RESULTS

In total, we analyzed 1,323 patient records, 731 followed at the CREN in Ouagadougou and 592 at the CREN in Nanoro (for detailed numbers, see Table 1).

Table 1

Comparison of demographic and anthropometric variables across the 3 study periods, separated according to urban and rural CRENs

Variable Unit, parameter Pre-pandemic year P value (pre- vs. first year) First pandemic year P value (pre- vs. second year) Second pandemic year P value (first vs. second year)
Ouagadougou
Patients n 340 189 202
Age (N = 730) Months, median (IQR) 12 (9, 16) n.s. 12 (9, 16) n.s. 12 (9, 17) n.s.
Sex (N = 725) Female/male 153/187 n.s. 87/188 n.s. 102/99 n.s.
Start weight (N = 731) g, Median (IQR) 6,810 (6,115, 7,600) n.s. 6,720 (6,090, 7,560) n.s. 6,740 (5,950, 7,360) n.s.
WAZ start Median (IQR) −2.74 (−2.15, −3.48) n.s. −2.81 (−2.09, −3.48) < 0.05 −3.08 (−2.39, −3.68) < 0.05
% Underweight < −2 WAZ 80.0 78.7 86.7
Duration (N = 717) Days 57 (35, 98) < 0.001 42 (28, 75) n.s. 63 (35, 102) < 0.001
WAZ end Median (IQR) −1.36 (−0.78, −2.12) n.s. −1.56 (−0.98, −2.23) n.s. −1.58 (−0.87, −2.18) n.s.
End weight (N = 718) g, Median (IQR) 7,930 (7,300, 8,860) < 0.05 7,750 (7,010, 8,580) n.s. 7,980 (7,250, 8,790) n.s.
% Underweight < −2 WAZ 28.2 34.5 33.5
Total weight gain (N = 718) g, Median (IQR) 1,153 (850, 1480) < 0.0001 900 (600, 1,290) < 0.001 1,375 (990, 1,630) < 0.0001
Daily weight gain (N = 717) g, Median (IQR) 17 (10, 28) n.s. 19 (13, 33) n.s. 20 (11, 33) n.s.
Nanoro
Patients n 191 223 179
Age (N = 590) Months, median (IQR) 12 (8, 18) n.s. 12 (9/21) < 0.0001 16 (11/24) < 0.001
Sex (N = 573) Female/male 76/115 n.s. 107/110 n.s. 75/90 n.s.
Start weight (N = 591) g, Median (IQR) 6,710 (5,795, 7,600) n.s. 6,500 (5,700, 7,530) n.s. 6,600 (5,700, 7,450) n.s.
WAZ start Median (IQR) −3.24 (−1.99, 4.07) < 0.05 −3.46 (−2.65, −4.21) < 0.0001 −3.72 (−2.98, −4.68) < 0.01
% Underweight < −2 WAZ 74.8 87.3 96.3
Duration (N = 589) Days 12 (8, 18) < 0.0001 9 (6, 14) < 0.0001 7 (5, 10) < 0.0001
WAZ end Median (IQR) −2.08 (−1.07, −3.18) < 0.0001 −2.86 (−1.79, −3.55) < 0.0001 −3.24 (−2.45, −4.08) < 0.0001
End weight (N = 583) g, Median (IQR) 7,500 (6,700, 8,425) < 0.005 7030 (6,170, 8,080) < 0.005 7,070 (6,070, 7,950) n.s.
% Underweight < −2 WAZ 53.4 71 87.7
Total weight gain (N = 580) g, Median (IQR) 820 (470, 1085) < 0.0001 490 (250, 790) < 0.0001 435 (195, 665) n.s.
Daily weight gain (N = 570) g, Median (IQR) 57 (31, 98) < 0.05 48 (21, 87) n.s. 51 (24, 93) n.s.

IQR = interquartile range; n.s. = not significant; WAZ = weight-for-age Z-score.

Comparison of pre-pandemic year versus first year of the pandemic.

The HOSCO.

In the year after the pandemic reached Burkina, the number of children seen in the CREN of HOSCO went down to almost 50%, with the lowest percentages (below 25%) in May and August 2020 (Figure 1). The monthly mean was significantly lower (P = 0.018).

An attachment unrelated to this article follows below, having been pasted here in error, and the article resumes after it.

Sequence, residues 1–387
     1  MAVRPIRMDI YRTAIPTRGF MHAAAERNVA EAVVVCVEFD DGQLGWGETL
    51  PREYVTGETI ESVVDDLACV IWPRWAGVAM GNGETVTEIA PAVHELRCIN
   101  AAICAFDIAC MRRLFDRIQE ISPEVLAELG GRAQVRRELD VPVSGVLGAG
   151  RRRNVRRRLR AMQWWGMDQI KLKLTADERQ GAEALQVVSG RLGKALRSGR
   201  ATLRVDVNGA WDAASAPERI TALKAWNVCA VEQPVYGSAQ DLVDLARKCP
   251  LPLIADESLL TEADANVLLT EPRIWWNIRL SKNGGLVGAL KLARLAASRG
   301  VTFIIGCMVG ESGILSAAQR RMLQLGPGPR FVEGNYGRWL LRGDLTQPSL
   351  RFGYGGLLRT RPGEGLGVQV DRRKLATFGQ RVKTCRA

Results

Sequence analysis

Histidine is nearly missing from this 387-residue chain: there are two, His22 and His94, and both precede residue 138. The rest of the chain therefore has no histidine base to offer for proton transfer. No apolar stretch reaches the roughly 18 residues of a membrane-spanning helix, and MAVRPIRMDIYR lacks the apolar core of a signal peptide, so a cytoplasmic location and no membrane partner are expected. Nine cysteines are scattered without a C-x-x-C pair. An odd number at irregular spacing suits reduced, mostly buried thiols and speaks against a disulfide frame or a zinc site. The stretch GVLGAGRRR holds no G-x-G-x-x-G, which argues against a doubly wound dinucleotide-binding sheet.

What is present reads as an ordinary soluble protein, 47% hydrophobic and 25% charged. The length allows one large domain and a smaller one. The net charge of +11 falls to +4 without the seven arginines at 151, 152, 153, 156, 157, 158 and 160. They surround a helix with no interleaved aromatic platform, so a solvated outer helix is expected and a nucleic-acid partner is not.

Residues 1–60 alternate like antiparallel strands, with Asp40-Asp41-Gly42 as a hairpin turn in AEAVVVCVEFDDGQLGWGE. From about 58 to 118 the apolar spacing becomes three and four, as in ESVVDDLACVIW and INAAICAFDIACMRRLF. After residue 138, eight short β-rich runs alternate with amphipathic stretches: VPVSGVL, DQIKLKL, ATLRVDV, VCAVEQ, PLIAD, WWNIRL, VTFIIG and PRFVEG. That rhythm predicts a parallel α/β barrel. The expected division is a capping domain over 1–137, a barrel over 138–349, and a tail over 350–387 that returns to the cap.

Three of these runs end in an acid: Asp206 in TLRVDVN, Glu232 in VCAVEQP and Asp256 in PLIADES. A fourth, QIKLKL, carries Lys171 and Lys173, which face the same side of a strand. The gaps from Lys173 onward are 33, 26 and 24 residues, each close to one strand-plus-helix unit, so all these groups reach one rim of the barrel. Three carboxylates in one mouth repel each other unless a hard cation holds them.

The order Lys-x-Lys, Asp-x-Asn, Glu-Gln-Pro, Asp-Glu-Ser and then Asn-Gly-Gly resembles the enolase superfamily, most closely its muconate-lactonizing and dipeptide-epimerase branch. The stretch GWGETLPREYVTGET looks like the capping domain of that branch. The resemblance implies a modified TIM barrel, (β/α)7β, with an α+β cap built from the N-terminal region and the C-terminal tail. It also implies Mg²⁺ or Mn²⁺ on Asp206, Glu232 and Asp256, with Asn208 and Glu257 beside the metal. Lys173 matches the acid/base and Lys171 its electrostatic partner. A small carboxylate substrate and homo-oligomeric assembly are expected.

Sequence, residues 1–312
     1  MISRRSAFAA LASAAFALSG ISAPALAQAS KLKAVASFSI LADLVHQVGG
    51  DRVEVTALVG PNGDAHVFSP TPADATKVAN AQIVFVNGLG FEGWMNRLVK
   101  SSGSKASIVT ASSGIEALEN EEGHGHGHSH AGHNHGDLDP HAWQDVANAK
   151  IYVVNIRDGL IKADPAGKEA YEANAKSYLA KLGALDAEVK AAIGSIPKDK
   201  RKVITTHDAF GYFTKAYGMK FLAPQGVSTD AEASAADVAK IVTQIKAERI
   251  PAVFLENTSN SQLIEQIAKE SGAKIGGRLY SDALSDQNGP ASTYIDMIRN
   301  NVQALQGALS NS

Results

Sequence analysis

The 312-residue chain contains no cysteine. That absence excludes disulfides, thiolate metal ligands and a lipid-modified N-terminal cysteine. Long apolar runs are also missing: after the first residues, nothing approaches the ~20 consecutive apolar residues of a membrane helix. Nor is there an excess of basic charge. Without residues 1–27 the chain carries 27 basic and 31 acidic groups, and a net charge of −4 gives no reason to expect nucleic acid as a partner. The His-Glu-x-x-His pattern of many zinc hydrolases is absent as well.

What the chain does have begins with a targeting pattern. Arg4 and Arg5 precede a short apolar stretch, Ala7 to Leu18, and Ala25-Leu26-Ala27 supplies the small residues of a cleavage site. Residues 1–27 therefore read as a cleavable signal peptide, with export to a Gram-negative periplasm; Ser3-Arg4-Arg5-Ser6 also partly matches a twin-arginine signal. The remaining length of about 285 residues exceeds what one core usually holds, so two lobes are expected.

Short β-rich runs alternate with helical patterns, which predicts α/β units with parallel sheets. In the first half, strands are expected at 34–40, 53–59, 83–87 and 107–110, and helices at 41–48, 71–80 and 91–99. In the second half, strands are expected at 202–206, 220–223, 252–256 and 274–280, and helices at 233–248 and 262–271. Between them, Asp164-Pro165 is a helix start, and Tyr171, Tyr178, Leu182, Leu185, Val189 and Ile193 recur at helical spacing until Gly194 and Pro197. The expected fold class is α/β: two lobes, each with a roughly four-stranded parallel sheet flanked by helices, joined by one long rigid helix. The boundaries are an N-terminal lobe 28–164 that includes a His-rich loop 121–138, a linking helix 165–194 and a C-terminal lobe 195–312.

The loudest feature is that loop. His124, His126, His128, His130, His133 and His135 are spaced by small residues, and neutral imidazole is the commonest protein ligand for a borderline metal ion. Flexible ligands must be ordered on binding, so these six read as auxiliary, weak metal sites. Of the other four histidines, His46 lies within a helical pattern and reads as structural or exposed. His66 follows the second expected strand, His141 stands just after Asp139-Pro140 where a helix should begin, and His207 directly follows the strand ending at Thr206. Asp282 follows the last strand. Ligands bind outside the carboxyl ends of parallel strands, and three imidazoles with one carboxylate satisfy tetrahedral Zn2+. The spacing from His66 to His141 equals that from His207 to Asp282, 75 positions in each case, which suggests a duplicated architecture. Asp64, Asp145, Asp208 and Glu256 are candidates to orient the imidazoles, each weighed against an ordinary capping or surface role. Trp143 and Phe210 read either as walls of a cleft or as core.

Figure 1.
Figure 1.

Monthly enrollments in both Centers for Rehabilitation, Education & Nutrition (CRENs) at the Hôpital Saint Camille in urban Ouagadougou and at the Center Médical Saint Camille in rural Nanoro during the 3-year study period.

Citation: The American Journal of Tropical Medicine and Hygiene 109, 2; 10.4269/ajtmh.22-0714

There was no difference in sex distribution or age between the 2 years.

Comparing the weight of the children the moment they were enrolled in the nutrition program, there was only a slight difference (6,810 g in 2019 compared with 6,720 g in 2020, not significant [n.s.]). The same small difference was found in the Z-scores (−2.74 versus −2.81, n.s.).

However, Z-scores and weight at the end of treatment were lower during the pandemic (7,750 versus 7,930 g, P = 0.023), a significant difference that was also observed in the absolute weight gained during treatment (900 versus 1,152 g, P = 0.001).

The median length of treatment in Ouagadougou was 2 weeks shorter during the pandemic (42 versus 57 days, P = 0.001), whereas the weight gained per day of treatment was almost the same (17 versus 19 g/day, n.s.). However, both median WAZs had improved from the moderate malnutrition status (below −2) to the normal range (Z-score above −2).

Center Médical Saint Camille de Nanoro.

In the rural district of Nanoro, the situation was different; here, the number of children enrolled did not decrease at all. On the contrary, there was an increase of 16% over the first year (Figure 1).

Again, no differences in sex and age were noted between the two periods.

Children enrolled during the first year of the pandemic weighed less (6,500 versus 6,710 g, n.s.) and their Z-score was significantly worse (−3.24 versus −3.46, P = 0.011).